• a dissertation in German Mittermann 2000: Assessment of Behaviour of Dogs of the Pitbull-type and Five other Breeds by Temperament Testing According to the Guidelines of the Dangerous Animals Act of Niedersachsen, Germany (GefTVO) of 5th of July 2000
    The dissertation has a total of 415 dogs which fell into categories 1 (American Staffordshire Terrier, Bullterrier and dogs of the Pitbull-type) and 2 (Rottweiler, Doberman Pinscher and Staffordshire Bullterrier) according to state law. The study found overall 20 of 415 animals with inadequate (or disturbed) aggressive behaviour. At that time the legislation treated these two categories differently, legislation required per-dog assessment of behaviour. The thesis cites 4 studies finding hereditive aggressive behaviour, there are physiological reasons like density of opiate receptors (p. 33). This can be changed within few generations by breeding (compare the concerns of the American Veterinary Association wrt. legislation needing a stable basis; paper linked by Kathy). Section 1.3.1.2 discusses breed-specific disposition (i.e. breed-specific high risk for particular types of inadequate behaviour). Breed specific differences were observed (e.g. 1/68 Staffordshire bull terriers 0/38 bull terriers vs. 8/93 Am. staffordshire terriers, 4/63 pitbull type and 5/56 dobermans with >= inadequate agresssive behaviour). These differences are not significant at 5% niveau. But American staffordshire/doberman vs. bull terriers / rottweilers were around 10% significance niveau. Conclusion is that the categories do not warrant the legislative differences (note dobermans in the lower category and bull terriers in the higher!).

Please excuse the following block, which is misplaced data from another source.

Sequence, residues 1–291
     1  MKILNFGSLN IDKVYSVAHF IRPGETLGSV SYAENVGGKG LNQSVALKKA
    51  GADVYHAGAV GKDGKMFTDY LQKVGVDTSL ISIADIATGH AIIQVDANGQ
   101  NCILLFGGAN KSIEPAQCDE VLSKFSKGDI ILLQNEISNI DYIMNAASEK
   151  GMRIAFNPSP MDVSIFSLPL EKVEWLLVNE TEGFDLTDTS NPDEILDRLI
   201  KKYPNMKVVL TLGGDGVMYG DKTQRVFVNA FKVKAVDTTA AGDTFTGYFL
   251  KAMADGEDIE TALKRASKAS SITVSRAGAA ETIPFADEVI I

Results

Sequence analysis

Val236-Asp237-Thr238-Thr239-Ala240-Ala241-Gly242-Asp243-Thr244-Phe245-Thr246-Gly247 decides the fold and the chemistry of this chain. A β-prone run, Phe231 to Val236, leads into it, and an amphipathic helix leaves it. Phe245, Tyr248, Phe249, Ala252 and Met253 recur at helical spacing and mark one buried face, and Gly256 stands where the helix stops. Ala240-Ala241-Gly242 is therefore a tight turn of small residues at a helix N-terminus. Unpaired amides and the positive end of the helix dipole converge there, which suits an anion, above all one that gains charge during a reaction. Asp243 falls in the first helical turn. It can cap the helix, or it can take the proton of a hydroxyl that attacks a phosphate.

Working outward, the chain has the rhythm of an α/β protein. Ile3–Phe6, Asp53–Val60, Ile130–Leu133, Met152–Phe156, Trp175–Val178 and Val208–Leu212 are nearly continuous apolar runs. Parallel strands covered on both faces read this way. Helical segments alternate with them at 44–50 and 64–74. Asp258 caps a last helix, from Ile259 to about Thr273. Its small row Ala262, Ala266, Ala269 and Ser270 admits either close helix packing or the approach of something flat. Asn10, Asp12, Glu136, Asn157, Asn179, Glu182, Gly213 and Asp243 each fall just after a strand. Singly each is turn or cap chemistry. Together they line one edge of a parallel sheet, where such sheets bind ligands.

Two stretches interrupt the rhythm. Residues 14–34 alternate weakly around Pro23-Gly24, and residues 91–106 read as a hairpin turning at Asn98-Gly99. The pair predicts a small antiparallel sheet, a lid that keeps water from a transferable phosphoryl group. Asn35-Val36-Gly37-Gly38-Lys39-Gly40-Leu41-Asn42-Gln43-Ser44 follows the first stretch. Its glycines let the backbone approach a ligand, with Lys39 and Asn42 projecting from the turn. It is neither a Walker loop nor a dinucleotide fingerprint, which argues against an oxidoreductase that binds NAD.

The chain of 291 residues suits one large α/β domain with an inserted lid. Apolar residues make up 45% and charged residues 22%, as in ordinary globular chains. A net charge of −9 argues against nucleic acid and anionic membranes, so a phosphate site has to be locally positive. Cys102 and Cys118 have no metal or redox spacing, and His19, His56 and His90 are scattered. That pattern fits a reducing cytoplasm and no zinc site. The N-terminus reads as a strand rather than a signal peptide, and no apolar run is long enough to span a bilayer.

This study has the dogs handled by their owner (which is sensible as the legal test should show that the does is not inadequately aggressive when handled by its owner; but this may distort breed-specific influence).
  • Ott 2008 compared those results to 70 golden retrievers, of which 1 showed inadequate aggression and concludes: not significant.
  • Ott 2009 and Schalke 2010 compare 38 bull terriers of a blood line that was suspected to be more aggressive with the results of the previous 2 studies. None according to Schalke and 1 according to Ott (they are the same group) displayed inadequate aggression. No significant differences.

From a statistical point of view, the problem is that the differences would need to be huge in order to be significant with these sample sizes. The 95% confidence interval for the proportion of 15 dogs with inadequate aggressive behaviour of a total of 415 dogs is ranges from 3 to slightly above 7 % (point estimate: 4.8%). 1 out of 70 golden retrievers: 1.4 % (0 - ca. 7 %). The point estimates are more than a factor 3 apart, but it is not significant (p is about 0.10).